2008 Donauschwaben Jugendfreundschaftslager
July 26, 2008
The First Ever Donauschwaben Youth Camp
By Joe Ludwig
What has friends, camping, cooking, sight-seeing and dancing rolled into one memorable four-day weekend? The answer is the Jugendfreundschaftslager. The first ever Donauschwaben Youth Camp was hosted in St. Louis, Missouri and youth group members from Chicago, Cincinnati and Cleveland were fortunate enough to participate on the weekend of June 26.
When everyone arrived on Thursday, the first day of the campout, the youth group members from the four cities picked out a good spot and pitched their home for the next three days. The rest of the first evening was spent getting to know each other. The youth connected with a couple games of soccer, the universal sport that every Swob loves.
On the next day, everyone went downtown to see the famous St. Louis Arch, the “gateway to the west”. They rose 830 feet and saw an overview of St. Louis, Missouri and the flooded Mississippi. After the tour of the arch, they had a St. Louis style lunch at their clubhouse and enjoyed toasted ravioli, a specialty of St. Louis. After lunch and a very competitive game of “duck, duck, goose”, they all went out to tour Grant’s Farm where they were treated to a tram ride, animal show, and a tour of the Clydesdales barns. Following a tasty dinner of St. Louis BBQ ribs and frozen custard, a live band performed for everyone the rest of the night.
The Donauschwaben culture and heritage were the key points for Saturday. The participants were split into several different groups and they combined their efforts to make homemade Goulasch and Spätzle. They heard an inspiring presentation on the importance of Kirchweihfest by St. Louis’ culture representative Joseph Simon and listened to Elizabeth Walters, author of the true story Barefoot in the Rubble give a very passionate presentation about what personally happened to her during her childhood in Yugoslavia. Some of the incidents that she described really hit home to a lot of the youth because a lot of their grandparents went through some of the same things. As the afternoon wore on, they learned two dances, spent time talking and enjoyed their homemade G for dinner. That night they were treated with music from the famous “D.J. E.D.” and marveled at a surprise firework show.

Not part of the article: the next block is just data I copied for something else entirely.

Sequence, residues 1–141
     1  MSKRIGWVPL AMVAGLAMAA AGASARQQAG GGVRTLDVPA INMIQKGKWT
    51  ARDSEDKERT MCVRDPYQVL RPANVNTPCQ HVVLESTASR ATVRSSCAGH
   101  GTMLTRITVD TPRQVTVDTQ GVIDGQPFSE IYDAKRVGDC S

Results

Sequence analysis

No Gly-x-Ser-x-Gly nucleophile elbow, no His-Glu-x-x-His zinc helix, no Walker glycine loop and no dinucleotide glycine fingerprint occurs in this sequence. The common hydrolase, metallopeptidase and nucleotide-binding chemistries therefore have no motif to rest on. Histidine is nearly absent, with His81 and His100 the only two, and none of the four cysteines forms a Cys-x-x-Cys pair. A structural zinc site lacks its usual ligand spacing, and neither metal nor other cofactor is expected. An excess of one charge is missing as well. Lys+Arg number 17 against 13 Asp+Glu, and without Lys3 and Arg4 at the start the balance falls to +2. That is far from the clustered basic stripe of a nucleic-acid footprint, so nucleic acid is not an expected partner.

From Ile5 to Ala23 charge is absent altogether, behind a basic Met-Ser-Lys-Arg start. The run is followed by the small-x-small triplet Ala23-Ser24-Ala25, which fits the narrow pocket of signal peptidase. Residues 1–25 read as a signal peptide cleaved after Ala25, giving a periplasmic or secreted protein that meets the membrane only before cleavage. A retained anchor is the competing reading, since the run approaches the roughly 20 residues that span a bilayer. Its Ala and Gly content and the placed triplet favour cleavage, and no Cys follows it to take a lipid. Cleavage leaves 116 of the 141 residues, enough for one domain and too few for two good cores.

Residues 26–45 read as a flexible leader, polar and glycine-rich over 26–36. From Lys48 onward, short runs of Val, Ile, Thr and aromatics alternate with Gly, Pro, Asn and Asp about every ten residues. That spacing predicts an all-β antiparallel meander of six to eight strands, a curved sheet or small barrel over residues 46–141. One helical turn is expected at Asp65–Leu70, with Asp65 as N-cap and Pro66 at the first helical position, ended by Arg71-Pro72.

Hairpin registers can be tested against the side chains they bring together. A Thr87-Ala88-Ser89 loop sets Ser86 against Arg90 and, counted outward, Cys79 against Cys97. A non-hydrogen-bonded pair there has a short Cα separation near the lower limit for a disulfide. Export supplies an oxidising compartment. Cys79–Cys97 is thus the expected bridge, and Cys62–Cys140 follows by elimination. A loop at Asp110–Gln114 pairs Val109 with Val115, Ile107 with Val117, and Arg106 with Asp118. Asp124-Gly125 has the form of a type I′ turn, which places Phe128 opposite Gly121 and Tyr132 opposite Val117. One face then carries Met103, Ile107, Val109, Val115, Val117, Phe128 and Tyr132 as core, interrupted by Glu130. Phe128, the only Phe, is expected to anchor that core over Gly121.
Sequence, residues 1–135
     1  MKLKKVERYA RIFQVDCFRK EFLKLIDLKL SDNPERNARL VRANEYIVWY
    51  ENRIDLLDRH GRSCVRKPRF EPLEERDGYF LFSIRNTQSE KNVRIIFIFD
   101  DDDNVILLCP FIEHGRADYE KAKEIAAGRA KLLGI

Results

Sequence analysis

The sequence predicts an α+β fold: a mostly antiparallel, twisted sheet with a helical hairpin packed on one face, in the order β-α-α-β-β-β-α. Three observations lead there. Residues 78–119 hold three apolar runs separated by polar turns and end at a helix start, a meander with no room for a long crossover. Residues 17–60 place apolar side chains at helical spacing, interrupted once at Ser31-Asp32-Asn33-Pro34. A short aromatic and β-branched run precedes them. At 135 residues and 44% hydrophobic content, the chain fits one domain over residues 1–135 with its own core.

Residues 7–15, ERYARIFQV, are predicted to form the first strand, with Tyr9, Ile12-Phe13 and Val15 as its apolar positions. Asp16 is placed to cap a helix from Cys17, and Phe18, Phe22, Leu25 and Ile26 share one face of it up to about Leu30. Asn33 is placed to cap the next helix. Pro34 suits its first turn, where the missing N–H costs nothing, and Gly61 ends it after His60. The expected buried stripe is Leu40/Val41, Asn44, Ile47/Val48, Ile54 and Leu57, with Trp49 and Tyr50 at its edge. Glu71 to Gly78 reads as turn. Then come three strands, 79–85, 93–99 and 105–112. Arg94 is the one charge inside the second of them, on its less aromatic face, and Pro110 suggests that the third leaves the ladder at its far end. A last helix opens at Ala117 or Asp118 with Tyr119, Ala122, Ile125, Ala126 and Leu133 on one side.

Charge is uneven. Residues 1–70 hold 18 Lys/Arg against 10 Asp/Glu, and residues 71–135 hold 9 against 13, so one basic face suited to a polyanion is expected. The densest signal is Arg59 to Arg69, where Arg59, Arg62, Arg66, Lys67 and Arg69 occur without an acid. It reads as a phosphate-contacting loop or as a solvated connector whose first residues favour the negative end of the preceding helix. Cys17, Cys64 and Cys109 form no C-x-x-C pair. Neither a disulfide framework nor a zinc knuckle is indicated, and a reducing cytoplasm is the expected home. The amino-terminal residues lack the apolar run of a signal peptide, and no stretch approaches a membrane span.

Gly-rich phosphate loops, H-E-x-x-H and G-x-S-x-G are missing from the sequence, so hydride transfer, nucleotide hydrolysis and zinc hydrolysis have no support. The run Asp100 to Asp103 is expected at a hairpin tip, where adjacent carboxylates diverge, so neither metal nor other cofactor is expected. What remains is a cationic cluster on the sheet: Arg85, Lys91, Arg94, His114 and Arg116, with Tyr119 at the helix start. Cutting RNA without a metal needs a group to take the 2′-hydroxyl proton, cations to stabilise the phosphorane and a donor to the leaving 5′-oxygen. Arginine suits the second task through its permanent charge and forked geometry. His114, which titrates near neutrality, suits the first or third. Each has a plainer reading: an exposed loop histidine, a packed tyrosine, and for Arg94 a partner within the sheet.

By the time the final day arrived, nobody wanted to leave but was forced to say their goodbyes, until they would see each other again on Labor Day Weekend anyway. A hopeful new yearly tradition and no doubt a success, the Jugendfreundschaftslager was a good time for everyone who was involved.
As with any event like this, the first ever Jugendfreundschaftslager took a lot of appreciated effort and pre-planning by the youth leaders in St. Louis and the other three cities that participated. A very special thank you goes out to everyone who helped make this possible.